So if a habenero comes in at 350,000 Scoville units, where does Pepper Spray come in? Deborah Blum says:

It’s listed at between 2 million and 5.3 million Scoville units. The lower number refers to the kind of pepper spray that you and I might be able to purchase for self-protective uses. And the higher number? It’s the kind of spray that police use, the super-high dose given in the orange-colored spray used at UC-Davis.

Not only that, but there are very real, known, health risks associated with Pepper Spray:

The more worrisome effects have to do with inhalation – and by some reports, California university police officers deliberately put OC spray down protestors throats. Capsaicins inflame the airways, causing swelling and restriction. And this means that pepper sprays pose a genuine risk to people with asthma and other respiratory conditions.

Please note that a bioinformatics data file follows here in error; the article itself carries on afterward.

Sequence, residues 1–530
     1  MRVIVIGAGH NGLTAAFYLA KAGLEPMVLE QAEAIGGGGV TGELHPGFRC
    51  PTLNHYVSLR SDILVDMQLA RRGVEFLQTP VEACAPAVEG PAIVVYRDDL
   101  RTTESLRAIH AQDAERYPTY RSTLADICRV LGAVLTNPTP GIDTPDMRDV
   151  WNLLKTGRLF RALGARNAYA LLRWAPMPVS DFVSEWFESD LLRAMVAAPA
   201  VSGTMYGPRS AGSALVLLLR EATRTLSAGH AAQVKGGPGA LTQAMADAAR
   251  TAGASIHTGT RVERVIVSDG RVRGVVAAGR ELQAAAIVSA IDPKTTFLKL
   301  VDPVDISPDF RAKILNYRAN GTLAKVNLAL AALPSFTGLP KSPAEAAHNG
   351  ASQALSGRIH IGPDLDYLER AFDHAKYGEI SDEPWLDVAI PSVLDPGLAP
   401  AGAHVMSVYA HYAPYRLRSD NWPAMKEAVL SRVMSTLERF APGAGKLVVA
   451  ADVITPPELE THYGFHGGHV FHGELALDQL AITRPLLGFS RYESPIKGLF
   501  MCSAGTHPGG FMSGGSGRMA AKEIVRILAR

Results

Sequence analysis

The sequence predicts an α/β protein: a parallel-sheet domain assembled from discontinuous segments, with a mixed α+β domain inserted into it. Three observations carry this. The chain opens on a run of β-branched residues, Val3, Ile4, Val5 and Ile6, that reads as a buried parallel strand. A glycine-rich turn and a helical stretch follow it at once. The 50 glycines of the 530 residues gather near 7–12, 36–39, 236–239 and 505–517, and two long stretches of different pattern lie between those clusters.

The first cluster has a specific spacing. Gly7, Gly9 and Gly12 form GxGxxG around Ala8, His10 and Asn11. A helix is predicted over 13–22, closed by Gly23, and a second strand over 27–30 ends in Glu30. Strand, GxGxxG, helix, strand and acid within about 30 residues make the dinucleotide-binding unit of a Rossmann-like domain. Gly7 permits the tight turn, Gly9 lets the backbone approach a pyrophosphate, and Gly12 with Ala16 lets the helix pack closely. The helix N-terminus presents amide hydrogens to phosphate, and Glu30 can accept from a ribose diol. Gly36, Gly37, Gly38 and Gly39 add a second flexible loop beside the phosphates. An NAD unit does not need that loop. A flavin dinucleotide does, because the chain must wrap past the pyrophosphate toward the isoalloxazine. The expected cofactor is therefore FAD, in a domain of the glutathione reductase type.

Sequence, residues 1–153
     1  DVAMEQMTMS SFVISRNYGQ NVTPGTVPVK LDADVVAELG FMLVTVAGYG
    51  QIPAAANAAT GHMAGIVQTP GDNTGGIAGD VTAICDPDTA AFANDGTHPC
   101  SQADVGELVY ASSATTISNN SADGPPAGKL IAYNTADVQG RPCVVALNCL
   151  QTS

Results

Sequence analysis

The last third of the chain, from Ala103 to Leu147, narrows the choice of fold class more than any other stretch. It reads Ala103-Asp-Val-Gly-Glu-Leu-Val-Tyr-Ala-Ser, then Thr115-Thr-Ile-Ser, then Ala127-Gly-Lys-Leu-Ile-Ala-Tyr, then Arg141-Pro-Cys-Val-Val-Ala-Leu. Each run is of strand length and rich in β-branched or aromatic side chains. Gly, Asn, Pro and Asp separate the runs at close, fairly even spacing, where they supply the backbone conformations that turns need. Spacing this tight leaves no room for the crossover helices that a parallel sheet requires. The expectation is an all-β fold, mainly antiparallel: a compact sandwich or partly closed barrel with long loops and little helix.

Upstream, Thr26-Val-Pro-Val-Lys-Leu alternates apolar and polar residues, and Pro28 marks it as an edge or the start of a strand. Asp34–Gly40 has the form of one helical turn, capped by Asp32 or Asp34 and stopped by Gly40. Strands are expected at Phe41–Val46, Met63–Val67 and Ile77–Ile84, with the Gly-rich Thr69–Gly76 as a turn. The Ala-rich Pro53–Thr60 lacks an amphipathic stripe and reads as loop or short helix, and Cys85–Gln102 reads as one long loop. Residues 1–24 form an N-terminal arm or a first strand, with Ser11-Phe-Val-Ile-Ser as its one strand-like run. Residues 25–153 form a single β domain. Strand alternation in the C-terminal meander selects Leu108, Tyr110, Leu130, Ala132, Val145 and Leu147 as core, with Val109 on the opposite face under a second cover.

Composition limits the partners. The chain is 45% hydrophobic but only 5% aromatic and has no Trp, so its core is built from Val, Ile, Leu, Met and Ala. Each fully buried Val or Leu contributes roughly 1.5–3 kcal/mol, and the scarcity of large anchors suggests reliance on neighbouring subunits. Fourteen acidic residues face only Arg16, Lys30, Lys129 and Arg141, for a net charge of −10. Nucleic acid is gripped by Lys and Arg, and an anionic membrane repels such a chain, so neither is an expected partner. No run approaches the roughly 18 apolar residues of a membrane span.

And by genuine risk, I mean a known risk, a no-surprise any police department should know this risk, easy enough to find in the scientific literature.

This post, if this stuff outrages you, is well worth the read.

I have only seen the effects of Pepper Spray once, when my roommate went through Campus Security training in College. They volunteered to be sprayed so that they could actually carry the spray. They were sprayed with one pass and carried to a shower where they are immediately treated. When I saw him next, an hour later, his face was still bright red and he was still very much in pain.

He was prepared and expecting to be sprayed. He had his mouth closed tightly and plugged his nose, because the Campus Security trainer knew that it would be very bad if he inhaled it.

The lackadaisical way in which the officer sprayed those students is what outrages me. How can you do this, multiple passes, to a peaceful set of protesters on a college campus in the United States. Shameful.